This ACMA says that this reassignment will be required starting now and continuing through to the end of 2015. (VK2ASD, WIA)



The VK3FI 473 kHz CW beacon at Mildura, Australia, has been temporarily taken off the air for some required maintenance and improvements. The work includes the errection of a new antenna support and feeder cables as well as relocating the home-made beacon into a rack assembly. According to reports this work will likely take a couple of months after which it will resume its nightly transmission from is location in the far north west of Australia’s Victoria state. (VK3PC)


In DX up front, DL2SBY will be active from Liechtenstein between September 13th and the 20th. Operations will be on 80 through 10 meters including 30, 17 and 12 meters using CW, SSB and RTTY. QSL to DL2SBY, direct, via the bureau as well as through PayPal requests. (OPDX)



The Czech DXpedition Team will be on the air from Togo between September 25th and October 3rd. Activity will be on 160 through 10 meters using CW, SSB and some of the digital modes. The group also plans to take part in the CQ World Wide DX RTTY Contest on September 27th and 28th. QSL’s go via OK6DJ, direct, via the bureau, eQSL, Logbook to the World, or using the Oh QRS on ClubLog. (OPDX)


Time for you to identify your station. We are the Amateur Radio Newsline, heard on bulletin stations around the world including the KA5GLX repeater serving Clear Lake Texas.



Thanks to the work of Kevin Trotman, N5PRE and Don Wilbanks, AE5DW, we have a new and highly visible addition to our website. If you take your web browser to www dot arnewsline dot org, and start scrolling down, you will see we have posted an abbreviated video version. This is actually the same video we produce weekly for the TWiT-TV program Ham Nation and at our recent BoD meeting we decided to make it directly available to all of you as well.

Please note that due to the different production schedules, the video version will be released a few days after the audio and text. Also, you can only view it at our website; at least for now. We are sorry, but we will not be able to provide automatic direct down linking for the foreseeable. Of coarse you can also view it as a part of the TWiT TV program Ham Nation. Please take a look and let us know what you think. (ARNewsline)



Some good work by the Maritime Mobile Service Network as it helped in a recent land based incident. We have more in this report:


The Maritime Mobile Service Network normally helps hams at sea but on July 24th it took on a land based situation. This after net control station Ken Porter, A-C-zero-M-L, received a distress call from George Molnar, KF2T, on 14.300 MHz which is the nets longtime home frequency.

Molnar told Porter that he had witnessed a tractor-trailer overturn on Nevada Highway 318, approximately 26 miles south of US Route 93. The location was in a deep canyon with no cellular telephone service or any ham radio repeaters available in the area. As such HF radio appeared to be the only communications.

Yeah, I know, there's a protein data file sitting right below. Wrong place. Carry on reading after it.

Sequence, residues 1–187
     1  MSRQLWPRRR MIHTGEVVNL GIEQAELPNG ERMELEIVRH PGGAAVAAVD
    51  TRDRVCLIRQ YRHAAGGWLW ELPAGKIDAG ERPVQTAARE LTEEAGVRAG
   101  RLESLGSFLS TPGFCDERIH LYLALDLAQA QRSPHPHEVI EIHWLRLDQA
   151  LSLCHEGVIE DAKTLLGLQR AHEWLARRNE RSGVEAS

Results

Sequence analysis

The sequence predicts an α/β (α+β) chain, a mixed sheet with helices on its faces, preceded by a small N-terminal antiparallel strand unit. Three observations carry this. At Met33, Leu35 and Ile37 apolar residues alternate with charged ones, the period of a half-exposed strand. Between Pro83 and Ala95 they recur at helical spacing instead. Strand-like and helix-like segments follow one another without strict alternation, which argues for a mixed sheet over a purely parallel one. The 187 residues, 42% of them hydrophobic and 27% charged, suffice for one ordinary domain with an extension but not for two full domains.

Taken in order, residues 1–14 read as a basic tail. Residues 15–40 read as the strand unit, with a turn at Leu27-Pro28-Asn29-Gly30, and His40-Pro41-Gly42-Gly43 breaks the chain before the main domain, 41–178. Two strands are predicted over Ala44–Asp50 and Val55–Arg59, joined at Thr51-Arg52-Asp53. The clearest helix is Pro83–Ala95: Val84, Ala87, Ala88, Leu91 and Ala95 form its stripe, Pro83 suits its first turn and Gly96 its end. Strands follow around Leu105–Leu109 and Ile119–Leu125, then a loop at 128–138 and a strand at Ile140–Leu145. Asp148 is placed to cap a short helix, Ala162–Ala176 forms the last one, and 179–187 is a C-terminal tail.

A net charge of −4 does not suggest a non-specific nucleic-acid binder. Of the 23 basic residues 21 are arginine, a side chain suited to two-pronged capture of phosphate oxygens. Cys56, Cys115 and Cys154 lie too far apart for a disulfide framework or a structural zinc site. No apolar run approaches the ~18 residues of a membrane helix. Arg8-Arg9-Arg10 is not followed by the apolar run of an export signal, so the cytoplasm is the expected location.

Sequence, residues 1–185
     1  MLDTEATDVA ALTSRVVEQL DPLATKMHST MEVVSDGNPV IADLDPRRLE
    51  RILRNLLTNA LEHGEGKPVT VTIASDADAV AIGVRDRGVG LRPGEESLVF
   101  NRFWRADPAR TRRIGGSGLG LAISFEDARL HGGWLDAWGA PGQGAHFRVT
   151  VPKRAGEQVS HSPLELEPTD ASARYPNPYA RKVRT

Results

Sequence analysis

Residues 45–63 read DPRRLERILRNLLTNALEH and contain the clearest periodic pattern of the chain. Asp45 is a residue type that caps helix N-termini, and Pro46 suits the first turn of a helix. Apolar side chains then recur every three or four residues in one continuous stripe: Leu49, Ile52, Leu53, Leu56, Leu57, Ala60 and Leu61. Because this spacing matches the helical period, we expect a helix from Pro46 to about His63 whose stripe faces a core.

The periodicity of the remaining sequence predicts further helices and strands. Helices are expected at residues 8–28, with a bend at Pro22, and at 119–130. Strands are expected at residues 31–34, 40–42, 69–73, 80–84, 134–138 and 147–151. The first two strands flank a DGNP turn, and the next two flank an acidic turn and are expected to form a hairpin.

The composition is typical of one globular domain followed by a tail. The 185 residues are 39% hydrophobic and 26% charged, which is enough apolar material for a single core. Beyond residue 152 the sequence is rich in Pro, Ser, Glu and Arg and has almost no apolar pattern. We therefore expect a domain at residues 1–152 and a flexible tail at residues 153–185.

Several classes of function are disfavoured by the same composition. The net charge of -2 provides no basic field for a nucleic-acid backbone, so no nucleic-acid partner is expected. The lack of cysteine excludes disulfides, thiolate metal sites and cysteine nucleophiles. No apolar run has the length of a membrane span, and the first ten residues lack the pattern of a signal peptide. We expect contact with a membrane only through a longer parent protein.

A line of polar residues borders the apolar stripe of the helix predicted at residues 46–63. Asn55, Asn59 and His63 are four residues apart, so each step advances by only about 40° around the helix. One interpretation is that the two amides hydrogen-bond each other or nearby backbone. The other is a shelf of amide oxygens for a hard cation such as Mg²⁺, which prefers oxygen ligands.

Once he had the information, Porter called the Las Vegas Police Department and told it about the incident and its location. The Las Vegas police in turn notified Nevada State Highway Patrol. Porter remained on the phone with the police in case the dispatcher required any further information.

It did not take long for troopers to arrive on scene. Thankfully there were no injuries but the driver of the overturned truck was reported to be somewhat in shock. Highway 318 remained blocked until the perishable items from the overturned vehicle could be cleaned away.

For the Amateur Radio Newsline, I’m Bill Pasternak, WA6ITF, in the Newsroom in Los Angeles.


The Maritime Mobile Service Network operates between the hours of 1600 to 0200 UTC daily on 14.300 MHz and most hams are aware that they will likely find assistance on that frequency. (K4EDX)



Northern California ham radio emergency communications teams were called out on Saturday, July 26th. This in support of those fighting the El Portal wildfire burning in Tuolumne County.

Hams were assigned to shadow Red Cross officials and provide communications at an evacuation shelter in the town of Groveland. A number of repeaters were linked to provide a direct communication channel from the shelter to the Red Cross nerve center in Fresno. In all, the hams who volunteered spent close to a full day before being dismissed and returning home. (ARNewsline from various Sources)



A privately owned remote control drone aircraft shooting video of a California wildfire has been ordered grounded. This after firefighting officials feared it might interfere with efforts to contain the blaze burning near the city of Sacramento.

According to news reports a California Department of Forestry and Fire Prevention spokesperson said that the owner of the unmanned vehicle was asked by Sheriff’s Deputies to stop flying the drone so as to keep it away from the low-flying aircraft being used to fight the Sand fire. The owner was apparently operating the small 4-engine quadcopter craft so he could check out the fire for his own personal viewing.

Cal-Fire spokesperson Lynne Tolmachoff said that this is the first time her agency had encountered such a device during their firefighting efforts, but she adds that she expects it may not be the last.

As previously reported, the Federal Aviation Administration is in the process of investigating who may use drones and for what purposes. This in order to develop guidelines and regulations concerning these radio remote control devices.

And as previously reported, National Park Service Director Jonathan B. Jarvis has signed a policy memorandum that directs his superintendents nationwide to prohibit launching, landing, or operating unmanned remote controlled aircraft including drones on lands and waters administered by his agency. (Published news reports, ARNewsline archive)



AMSAT-North America's 32nd Space Symposium and Annual Meeting will be held October 10th to the 12th in Baltimore, Maryland. The location will be the DoubleTree by Hilton at the Baltimore BWI Airport. The gathering will be preceded by the AMSAT North America Board of Directors meeting for October 9th and morning of the 10th. A registration form for the Symposium and all events may be downloaded at SymposiumRegistration. And SymposiumRegistration is spelled as one word. (ANS)